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Monday, February 11, 2013

CES: Trends in Smartphones

By Kurt Scherf, Contributor

CES is not the main venue where smartphone manufacturers make their most-significant announcements; they wait until the Mobile World Congress in late February. However, the influence of mobile devices was everywhere at CES, and as I’ll talk about shortly they are in fact a major driver for the expected growth in both health and fitness and home control solutions. Two great articles published in Wired (“In the Coming Age of the Connected Home, Your Phone Will Be a Magic Wand”) and The New York Times (“Smartphones Become Life’s Remote Control”) do an excellent job discussing how connected home applications are feeding off the ubiquity of mobile devices with advanced processing power and connectivity.

The biggest trend in smartphones this year was the introduction of so-called “phablets,” smartphones with larger screens that bridge the size gap between standard smartphones and tablets. Huawei’s 6.1” Ascend Mate and Sony’s Xperia Z were two of the more notable large smartphones.

Another interesting trend at this year’s CES was a continuation of the buzz that a company called HzO received at the 2012 show. HzO’s WaterBlock™ technology is a waterproofing made up of a bonded molecule coating that received rave reactions last year. At least two other similar solutions – DryWired and Liquipel – were on display this year.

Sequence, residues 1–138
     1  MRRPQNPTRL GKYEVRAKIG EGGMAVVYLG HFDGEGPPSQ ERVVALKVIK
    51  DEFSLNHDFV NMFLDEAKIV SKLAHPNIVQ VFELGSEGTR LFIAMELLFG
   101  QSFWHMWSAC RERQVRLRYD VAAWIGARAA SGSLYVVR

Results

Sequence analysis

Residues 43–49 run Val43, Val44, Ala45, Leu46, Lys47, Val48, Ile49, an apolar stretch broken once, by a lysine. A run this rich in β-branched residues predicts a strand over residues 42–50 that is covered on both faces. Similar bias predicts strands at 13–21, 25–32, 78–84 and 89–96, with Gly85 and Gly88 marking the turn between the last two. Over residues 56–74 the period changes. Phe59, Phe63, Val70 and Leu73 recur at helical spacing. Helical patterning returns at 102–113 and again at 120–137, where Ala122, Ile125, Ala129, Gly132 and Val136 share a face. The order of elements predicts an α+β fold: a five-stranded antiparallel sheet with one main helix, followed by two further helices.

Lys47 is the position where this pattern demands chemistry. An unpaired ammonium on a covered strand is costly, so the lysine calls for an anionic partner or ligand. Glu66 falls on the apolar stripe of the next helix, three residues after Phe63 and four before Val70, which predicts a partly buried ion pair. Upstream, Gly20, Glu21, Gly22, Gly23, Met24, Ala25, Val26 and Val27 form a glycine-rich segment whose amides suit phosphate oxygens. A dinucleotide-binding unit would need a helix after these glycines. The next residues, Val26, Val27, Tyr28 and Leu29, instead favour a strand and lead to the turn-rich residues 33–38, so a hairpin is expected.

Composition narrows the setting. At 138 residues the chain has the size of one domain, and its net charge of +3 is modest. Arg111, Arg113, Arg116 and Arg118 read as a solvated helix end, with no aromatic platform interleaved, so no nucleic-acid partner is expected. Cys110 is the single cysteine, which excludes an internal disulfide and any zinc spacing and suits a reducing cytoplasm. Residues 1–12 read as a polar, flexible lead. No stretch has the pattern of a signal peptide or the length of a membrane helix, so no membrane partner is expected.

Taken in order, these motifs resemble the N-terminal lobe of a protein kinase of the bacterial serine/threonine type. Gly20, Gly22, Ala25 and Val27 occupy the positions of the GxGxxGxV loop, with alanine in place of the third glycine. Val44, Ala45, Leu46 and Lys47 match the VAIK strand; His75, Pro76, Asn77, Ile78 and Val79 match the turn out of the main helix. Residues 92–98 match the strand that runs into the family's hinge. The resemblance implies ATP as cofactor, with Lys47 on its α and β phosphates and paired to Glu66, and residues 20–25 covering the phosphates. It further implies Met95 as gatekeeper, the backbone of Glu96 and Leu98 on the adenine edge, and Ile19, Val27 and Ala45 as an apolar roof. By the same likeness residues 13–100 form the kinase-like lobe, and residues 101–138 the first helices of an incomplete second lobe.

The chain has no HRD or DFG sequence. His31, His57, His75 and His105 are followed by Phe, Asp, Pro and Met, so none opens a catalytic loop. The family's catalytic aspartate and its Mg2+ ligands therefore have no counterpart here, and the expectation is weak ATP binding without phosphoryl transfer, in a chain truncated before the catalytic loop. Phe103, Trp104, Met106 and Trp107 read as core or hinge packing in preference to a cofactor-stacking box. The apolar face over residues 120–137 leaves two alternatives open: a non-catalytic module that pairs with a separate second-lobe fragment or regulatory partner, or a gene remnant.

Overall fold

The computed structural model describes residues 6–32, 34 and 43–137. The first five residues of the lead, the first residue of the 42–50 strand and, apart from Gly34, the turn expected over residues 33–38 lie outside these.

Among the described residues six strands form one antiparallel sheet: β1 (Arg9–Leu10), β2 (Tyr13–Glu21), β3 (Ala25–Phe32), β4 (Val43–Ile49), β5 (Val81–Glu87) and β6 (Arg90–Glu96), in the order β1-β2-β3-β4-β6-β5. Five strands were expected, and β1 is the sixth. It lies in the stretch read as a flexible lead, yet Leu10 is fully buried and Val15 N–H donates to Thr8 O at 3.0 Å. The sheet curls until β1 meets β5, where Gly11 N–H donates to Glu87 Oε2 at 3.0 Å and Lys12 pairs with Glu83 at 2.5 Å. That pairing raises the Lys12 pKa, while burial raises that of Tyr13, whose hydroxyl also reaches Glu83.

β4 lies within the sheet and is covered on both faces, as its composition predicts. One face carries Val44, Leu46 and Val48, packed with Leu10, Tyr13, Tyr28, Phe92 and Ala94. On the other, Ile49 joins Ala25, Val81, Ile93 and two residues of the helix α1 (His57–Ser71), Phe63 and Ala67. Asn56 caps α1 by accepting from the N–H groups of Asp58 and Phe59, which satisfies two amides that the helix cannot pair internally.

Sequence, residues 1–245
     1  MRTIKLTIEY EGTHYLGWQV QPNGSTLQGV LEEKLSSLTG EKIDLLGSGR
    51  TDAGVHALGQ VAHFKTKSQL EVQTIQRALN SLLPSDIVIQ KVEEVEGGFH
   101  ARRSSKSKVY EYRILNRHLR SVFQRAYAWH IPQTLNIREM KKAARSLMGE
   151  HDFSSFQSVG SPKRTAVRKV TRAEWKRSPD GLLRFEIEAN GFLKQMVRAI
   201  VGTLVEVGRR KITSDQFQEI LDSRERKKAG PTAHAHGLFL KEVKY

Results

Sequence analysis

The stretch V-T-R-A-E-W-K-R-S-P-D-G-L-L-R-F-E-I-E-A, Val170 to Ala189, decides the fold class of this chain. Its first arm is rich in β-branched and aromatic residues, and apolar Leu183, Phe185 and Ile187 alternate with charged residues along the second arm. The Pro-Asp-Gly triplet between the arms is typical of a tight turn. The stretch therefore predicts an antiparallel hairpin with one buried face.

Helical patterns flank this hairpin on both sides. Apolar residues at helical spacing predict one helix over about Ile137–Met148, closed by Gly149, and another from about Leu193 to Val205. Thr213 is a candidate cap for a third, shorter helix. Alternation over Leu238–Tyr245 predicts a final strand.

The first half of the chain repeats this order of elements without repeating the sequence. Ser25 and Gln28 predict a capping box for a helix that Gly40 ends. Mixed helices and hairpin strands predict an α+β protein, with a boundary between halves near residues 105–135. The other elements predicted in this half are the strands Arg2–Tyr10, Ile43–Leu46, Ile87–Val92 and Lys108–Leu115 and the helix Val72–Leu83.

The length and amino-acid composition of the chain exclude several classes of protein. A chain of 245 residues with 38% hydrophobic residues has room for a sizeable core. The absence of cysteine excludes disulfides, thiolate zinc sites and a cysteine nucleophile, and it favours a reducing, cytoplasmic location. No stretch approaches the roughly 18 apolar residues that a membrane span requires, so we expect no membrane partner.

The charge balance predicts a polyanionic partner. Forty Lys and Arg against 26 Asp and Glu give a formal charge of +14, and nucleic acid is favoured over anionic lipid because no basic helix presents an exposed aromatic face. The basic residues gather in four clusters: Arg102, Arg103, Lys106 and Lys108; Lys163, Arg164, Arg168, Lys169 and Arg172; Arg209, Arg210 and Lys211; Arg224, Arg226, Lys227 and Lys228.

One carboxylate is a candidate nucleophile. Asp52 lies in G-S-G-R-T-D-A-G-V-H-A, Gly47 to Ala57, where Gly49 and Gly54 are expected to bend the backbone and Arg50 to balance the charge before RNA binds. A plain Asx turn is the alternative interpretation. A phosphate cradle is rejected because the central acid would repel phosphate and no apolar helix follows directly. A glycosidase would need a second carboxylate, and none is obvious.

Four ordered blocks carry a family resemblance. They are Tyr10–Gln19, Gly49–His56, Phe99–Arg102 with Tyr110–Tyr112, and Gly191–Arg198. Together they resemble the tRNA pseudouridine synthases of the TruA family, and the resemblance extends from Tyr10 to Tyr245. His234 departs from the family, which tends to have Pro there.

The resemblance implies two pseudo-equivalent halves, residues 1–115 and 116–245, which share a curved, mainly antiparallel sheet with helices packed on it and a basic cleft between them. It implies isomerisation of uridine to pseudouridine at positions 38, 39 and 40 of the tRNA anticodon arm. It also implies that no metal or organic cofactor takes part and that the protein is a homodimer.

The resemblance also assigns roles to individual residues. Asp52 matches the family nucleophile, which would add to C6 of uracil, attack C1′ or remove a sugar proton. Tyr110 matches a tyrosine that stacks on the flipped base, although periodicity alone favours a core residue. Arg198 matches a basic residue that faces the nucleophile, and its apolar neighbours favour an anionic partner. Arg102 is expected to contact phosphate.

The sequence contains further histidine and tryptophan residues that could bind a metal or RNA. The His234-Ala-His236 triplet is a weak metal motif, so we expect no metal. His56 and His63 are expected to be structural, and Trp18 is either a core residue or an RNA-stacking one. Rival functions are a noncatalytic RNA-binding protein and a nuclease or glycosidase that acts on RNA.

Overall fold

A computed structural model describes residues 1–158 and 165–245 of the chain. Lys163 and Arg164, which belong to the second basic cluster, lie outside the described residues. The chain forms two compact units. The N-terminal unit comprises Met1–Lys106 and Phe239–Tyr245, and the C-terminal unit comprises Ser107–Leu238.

Kurt Scherf, Contributor, has attended 13 out of the last 14 Consumer Electronics Shows in Las Vegas and tracked the news and developments remotely this year. According to the Consumer Electronics Association, the 2013 CES was the largest in terms of physical space (1.92 million square feet), with attendance of more than 150,000, with 35,000 people from 170 countries outside the U.S. While plenty of column space was dedicated to the companies that weren’t in attendance in an official capacity (Amazon, Apple, Microsoft, and Research In Motion, to name a few), there is always enough excitement in the new year about consumer electronics developments to cover.  

Next: CES: The “Second Screen” Experience
Previous: CES: Pay-TV Services – Threats and Competition


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